To obtain intelligible information at the surface that is representative of these and other downhole measurements, the system 13 includes components shown schematically in FIG. 3. The drilling mud that is circulated by surface pumps down the drill string passes through a siren-type valve 34 that repeatedly interrupts the mud flow to produce a stream of pressure pulses that can be detected by suitable pressure transducers 37 at the surface. After the mud passes through the rotary valve 34, it flows through a turbine 36 which operates a generator that provides electrical power for the system. The rate of rotation of the valve 34 is modulated by a controller 33 in response to a train of signals from an electronic cartridge 32, with measurement data from various ones of the sensors 30 forming discrete portions of the control train of signals. Thus the pressure pulses that are received at the surface during a certain time period after a timing signal is received is directly related to the magnitude of a particular downhole measurement. Those pulses that are representative of the directional measurements are detected and then analyzed on a continuous basis by machine computation at 31 to determine inclination and azimuth, which is displayed to an operator and recorded at 35. The foregoing telemetry technology is generally known at least in its broader concepts, and needs no further elaboration herein. Other types of mud pulse telemetry systems, such as positive pulse, negative pulse, or combinations thereof may also be used.
The system 13 includes its own direction sensor package like that shown in FIG. 2, so that directional measurements preferably are made both above and below the bend point 17. Substantially in real time, the operator is informed of the current direction of the lower portion of the borehole. For example, the lower section of the borehole may have an inclination of 30° off vertical, and the azimuth of such inclination may be S 45°W. From measurement and plotting of such data at regular depth intervals, a map of the borehole can be created which shows precisely where the bottom of the hole is at any point in time, as well as where the drill bit 20 is headed. Of course most wells are drilled to a predetermined target location at which the well is to be bottomed out, and adjustments are made along the way to ensure that the hole bottom is as close as possible to such target.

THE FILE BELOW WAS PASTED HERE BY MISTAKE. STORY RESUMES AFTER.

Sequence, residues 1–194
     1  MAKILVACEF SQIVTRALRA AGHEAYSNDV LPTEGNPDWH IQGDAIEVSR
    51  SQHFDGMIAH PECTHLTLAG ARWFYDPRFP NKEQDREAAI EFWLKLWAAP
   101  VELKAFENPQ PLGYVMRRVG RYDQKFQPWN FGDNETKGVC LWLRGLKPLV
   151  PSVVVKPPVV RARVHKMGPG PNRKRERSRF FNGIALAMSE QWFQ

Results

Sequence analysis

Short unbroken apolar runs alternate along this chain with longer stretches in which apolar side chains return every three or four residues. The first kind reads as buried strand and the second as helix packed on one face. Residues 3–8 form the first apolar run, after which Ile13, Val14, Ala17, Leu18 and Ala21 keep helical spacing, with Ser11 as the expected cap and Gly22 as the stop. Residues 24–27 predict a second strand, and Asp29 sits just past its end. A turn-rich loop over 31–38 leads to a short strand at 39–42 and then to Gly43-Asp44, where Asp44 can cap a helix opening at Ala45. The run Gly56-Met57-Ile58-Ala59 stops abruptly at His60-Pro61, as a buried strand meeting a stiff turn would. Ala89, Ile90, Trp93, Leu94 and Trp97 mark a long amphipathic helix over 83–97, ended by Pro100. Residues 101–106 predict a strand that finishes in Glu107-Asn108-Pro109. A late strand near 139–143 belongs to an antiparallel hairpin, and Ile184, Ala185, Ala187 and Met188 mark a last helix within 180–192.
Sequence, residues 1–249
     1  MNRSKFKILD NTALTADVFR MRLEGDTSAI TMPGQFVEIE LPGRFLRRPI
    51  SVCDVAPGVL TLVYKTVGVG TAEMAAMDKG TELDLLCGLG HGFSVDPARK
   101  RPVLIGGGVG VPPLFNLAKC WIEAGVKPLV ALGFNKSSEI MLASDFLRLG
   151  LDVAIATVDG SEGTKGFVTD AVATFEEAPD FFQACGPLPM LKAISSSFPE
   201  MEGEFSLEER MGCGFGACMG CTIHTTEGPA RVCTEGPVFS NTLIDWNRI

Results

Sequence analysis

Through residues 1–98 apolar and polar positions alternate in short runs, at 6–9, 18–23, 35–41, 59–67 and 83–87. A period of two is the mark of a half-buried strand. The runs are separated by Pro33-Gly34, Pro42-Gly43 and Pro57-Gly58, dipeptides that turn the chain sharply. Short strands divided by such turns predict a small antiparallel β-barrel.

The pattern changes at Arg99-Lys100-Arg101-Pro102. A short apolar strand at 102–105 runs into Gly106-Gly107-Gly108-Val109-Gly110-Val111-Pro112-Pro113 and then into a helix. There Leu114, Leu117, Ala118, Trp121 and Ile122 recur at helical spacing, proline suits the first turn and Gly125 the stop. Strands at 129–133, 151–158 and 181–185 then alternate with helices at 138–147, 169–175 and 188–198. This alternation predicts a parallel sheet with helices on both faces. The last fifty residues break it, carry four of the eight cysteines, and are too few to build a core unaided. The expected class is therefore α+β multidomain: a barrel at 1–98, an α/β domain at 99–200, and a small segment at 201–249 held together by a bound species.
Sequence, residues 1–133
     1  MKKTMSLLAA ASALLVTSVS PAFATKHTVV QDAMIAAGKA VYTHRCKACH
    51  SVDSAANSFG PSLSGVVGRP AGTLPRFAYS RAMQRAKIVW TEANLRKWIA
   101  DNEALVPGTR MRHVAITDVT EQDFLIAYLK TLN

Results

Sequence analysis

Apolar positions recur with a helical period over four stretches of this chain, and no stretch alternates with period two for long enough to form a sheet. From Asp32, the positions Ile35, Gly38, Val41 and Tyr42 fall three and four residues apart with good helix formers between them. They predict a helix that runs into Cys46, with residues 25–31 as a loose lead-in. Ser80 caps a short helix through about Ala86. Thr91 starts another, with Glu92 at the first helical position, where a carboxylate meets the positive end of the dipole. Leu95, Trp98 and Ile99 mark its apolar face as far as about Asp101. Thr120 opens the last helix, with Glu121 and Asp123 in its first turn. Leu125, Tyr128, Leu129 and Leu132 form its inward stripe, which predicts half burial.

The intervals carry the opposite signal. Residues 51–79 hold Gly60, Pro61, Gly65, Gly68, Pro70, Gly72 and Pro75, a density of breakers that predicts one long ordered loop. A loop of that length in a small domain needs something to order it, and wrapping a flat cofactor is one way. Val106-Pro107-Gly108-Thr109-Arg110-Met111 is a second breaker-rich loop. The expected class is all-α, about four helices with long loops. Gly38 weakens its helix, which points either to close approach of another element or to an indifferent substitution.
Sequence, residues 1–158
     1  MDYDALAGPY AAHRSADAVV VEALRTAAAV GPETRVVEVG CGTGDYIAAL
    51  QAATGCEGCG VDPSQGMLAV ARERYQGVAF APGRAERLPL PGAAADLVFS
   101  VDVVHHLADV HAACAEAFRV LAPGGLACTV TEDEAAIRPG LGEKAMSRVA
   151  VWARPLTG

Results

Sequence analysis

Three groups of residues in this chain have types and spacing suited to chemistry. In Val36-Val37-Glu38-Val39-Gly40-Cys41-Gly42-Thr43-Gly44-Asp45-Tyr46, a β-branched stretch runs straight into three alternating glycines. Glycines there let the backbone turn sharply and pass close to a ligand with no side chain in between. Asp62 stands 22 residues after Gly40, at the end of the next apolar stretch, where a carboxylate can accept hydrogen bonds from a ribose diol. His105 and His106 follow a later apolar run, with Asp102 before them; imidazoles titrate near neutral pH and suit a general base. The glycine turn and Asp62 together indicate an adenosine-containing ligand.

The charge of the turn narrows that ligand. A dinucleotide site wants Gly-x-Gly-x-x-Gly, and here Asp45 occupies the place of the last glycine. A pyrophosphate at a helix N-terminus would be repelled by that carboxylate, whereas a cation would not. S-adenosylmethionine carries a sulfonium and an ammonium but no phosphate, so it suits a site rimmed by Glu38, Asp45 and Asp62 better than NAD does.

Where an adjustment in hole direction needs to be made, the bent housing mechanism 16 is operated to create a bend angle in the drill string below the motor 15. The normal condition of the mechanism 16 is for straight-ahead drilling where the axial centerlines of its housing, the motor 15 and the bit 20 are substantially aligned. The mechanism 16 can be adjusted downhole to provide an approriate bend angleΘ, such as 1°, although other angles can be obtained depending upon tool geometry, by manipulating its mandrel with respect to its housing as will be disclosed in further detail herebelow. With a bend angle provided in this tool, the bit 20 tends to drill along a curved path that lies in a plane which contains the two axes of the bend angleΘ and the bend point 17. Straight-ahead drilling can be resumed at any time by adjusting the mechanism 16 downhole to eliminate the bend angle. Of course it is possible to rotate the drill string so that the bend point 17 orbits about the longitudinal axis of the borehole to achieve straight ahead drilling. However it is preferable to adjust the mechanism back to its normally straight condition to eliminate cyclical stresses and vibrations. If the bend point 17 is adjacent the high side of the hole 10, the bit 20 will tend to drill on a downward curving path. If the two-bend-point 17 is adjacent the low side of the hole, the bit 20 will build angle and drill along an upwardly curving path. Curves to the right or left can be drilled by appropriate orientation of the plane containing the two axes of the angleΘ and the point 17.
The near-bit stabilizer 19 also adjusts between one condition where its wall-engaging members 34 are full-gage, and another condition where the members are retracted so that the bend angle created by the mechanism 16 will not cause high lateral forces on the bit which can cause the motor to stall. Normally, the members 34 are retracted so that the assembly is slightly undergage and only during drill string rotation are the members full gage.